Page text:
Container boat

Discussion in 'Boat Design' started by gonzo, Jan 13, 2011.

  1. wardd
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    wardd Senior Member

    reinforced eyelets and pins with a strap and a rod going down through the pins
     
  2. gonzo
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    gonzo Senior Member

    That would make the boat into at least three independent compartments
     
  3. wardd
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    wardd Senior Member

    the inflatable parts could be folded and stored in the center section for more than 40 feet
     
  4. Willallison
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    Willallison Senior Member

    Moving beyond the obvious questions, like "why"? Or "who would want to own a boat that looks like a container"?, there are issues like the rough treatment that containers receive... dropped by cranes, rammed by forklifts...
    The whole point of a container is to provide a sturdy box to protect the things that are being transported inside it....
    I mean, is there a point to this.?.. beyond looking at a box and thinking "hmmm... I might make a boat out of that..."

    oops - looks like I couldn't look beyond the the "why" question....sorry
     
  5. CatBuilder

    CatBuilder Previous Member

    My issue is with the bottom of the boat/container.

    They're square. They have to be for shipping. You're talking about putting bows and sterns on, but what about the underwater profile? How do you reconcile that?
     
  6. mcollins07
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    mcollins07 Senior Member

    I've been contemplating a catamaran, say about 100'. Use two 40’ containers for each ama. Then use two or three 40’ containers for cross-members. These dimensions lead to a beam to length ratio of 1:10 or less which is reasonable for a catamaran.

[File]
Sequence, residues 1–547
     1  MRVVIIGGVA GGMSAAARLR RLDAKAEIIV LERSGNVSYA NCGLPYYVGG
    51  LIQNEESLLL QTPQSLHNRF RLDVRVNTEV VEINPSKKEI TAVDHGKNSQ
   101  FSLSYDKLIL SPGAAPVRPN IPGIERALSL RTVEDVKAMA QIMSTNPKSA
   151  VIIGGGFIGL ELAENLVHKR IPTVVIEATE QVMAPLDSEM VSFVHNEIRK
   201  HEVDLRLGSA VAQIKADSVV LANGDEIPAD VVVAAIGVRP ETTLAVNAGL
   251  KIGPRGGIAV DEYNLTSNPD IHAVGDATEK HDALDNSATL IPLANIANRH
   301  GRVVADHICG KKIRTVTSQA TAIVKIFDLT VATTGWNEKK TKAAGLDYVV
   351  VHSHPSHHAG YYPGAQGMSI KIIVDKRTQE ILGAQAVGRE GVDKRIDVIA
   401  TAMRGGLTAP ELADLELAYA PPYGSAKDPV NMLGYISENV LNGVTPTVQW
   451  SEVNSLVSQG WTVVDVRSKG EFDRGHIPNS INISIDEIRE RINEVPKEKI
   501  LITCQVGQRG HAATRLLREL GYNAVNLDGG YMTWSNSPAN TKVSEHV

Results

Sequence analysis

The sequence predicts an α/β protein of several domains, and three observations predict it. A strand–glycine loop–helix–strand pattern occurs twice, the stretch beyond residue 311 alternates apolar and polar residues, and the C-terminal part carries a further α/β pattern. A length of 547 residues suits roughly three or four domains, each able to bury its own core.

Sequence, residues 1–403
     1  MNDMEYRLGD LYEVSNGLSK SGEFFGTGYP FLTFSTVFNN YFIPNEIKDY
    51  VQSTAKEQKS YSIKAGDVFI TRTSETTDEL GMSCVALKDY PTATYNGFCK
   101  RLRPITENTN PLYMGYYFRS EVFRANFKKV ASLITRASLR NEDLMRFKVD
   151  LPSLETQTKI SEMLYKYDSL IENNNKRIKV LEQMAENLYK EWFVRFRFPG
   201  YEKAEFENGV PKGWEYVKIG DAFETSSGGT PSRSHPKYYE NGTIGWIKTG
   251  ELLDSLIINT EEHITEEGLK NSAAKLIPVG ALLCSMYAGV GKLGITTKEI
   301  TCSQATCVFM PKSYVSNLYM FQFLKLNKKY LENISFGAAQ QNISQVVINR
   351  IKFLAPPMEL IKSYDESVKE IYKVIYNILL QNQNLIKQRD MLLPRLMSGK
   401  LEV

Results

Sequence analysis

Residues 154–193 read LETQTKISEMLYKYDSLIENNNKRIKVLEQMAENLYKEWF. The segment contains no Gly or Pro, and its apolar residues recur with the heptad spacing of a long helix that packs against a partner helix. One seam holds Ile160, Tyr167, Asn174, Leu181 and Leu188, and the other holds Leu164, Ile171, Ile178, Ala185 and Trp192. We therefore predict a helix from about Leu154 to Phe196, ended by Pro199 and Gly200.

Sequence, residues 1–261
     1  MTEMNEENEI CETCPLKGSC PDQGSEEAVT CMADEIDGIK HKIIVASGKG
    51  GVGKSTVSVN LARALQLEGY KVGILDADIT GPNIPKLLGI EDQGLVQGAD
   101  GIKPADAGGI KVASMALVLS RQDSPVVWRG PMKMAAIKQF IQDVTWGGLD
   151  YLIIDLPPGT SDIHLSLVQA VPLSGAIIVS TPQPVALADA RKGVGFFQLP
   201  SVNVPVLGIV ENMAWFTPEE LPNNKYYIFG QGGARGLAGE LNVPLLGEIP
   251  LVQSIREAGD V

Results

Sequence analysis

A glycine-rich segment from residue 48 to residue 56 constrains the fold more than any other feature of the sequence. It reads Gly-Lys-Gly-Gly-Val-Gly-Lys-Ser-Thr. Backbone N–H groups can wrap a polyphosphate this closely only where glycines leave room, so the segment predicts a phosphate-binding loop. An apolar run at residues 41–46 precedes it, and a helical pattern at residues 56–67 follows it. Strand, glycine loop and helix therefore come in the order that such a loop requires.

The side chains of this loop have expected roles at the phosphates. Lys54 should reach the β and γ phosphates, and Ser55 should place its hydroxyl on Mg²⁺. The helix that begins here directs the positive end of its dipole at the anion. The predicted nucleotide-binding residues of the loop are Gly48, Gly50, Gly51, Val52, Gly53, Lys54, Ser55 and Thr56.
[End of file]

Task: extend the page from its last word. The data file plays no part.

I’m considering adding a hull to the bottom which is about 6’ wide with 2’ deep to provide some shape to the ama’s. This should leave strakes near the waterline, which are the bottom of the container. Bow and stern would also be added to provide more conventional shapes.

    ~ Michael
     
  7. Squidly-Diddly
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    Squidly-Diddly Senior Member

    think outside the horizontal, have the keel be one EDGE of the

    container shaped unit.

    Remember at least one "container boat" was craftly designed to fit into the container tipped approx. 45% , and was thus able to have a beam wider than 8', as well as a Top-to-Bottom measurement also more than 8'.
     
  8. whitepointer23

    whitepointer23 Previous Member

    i can't get my head around this container boat, what is the actual reason to do it.
     
  9. PAR
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    PAR Yacht Designer/Builder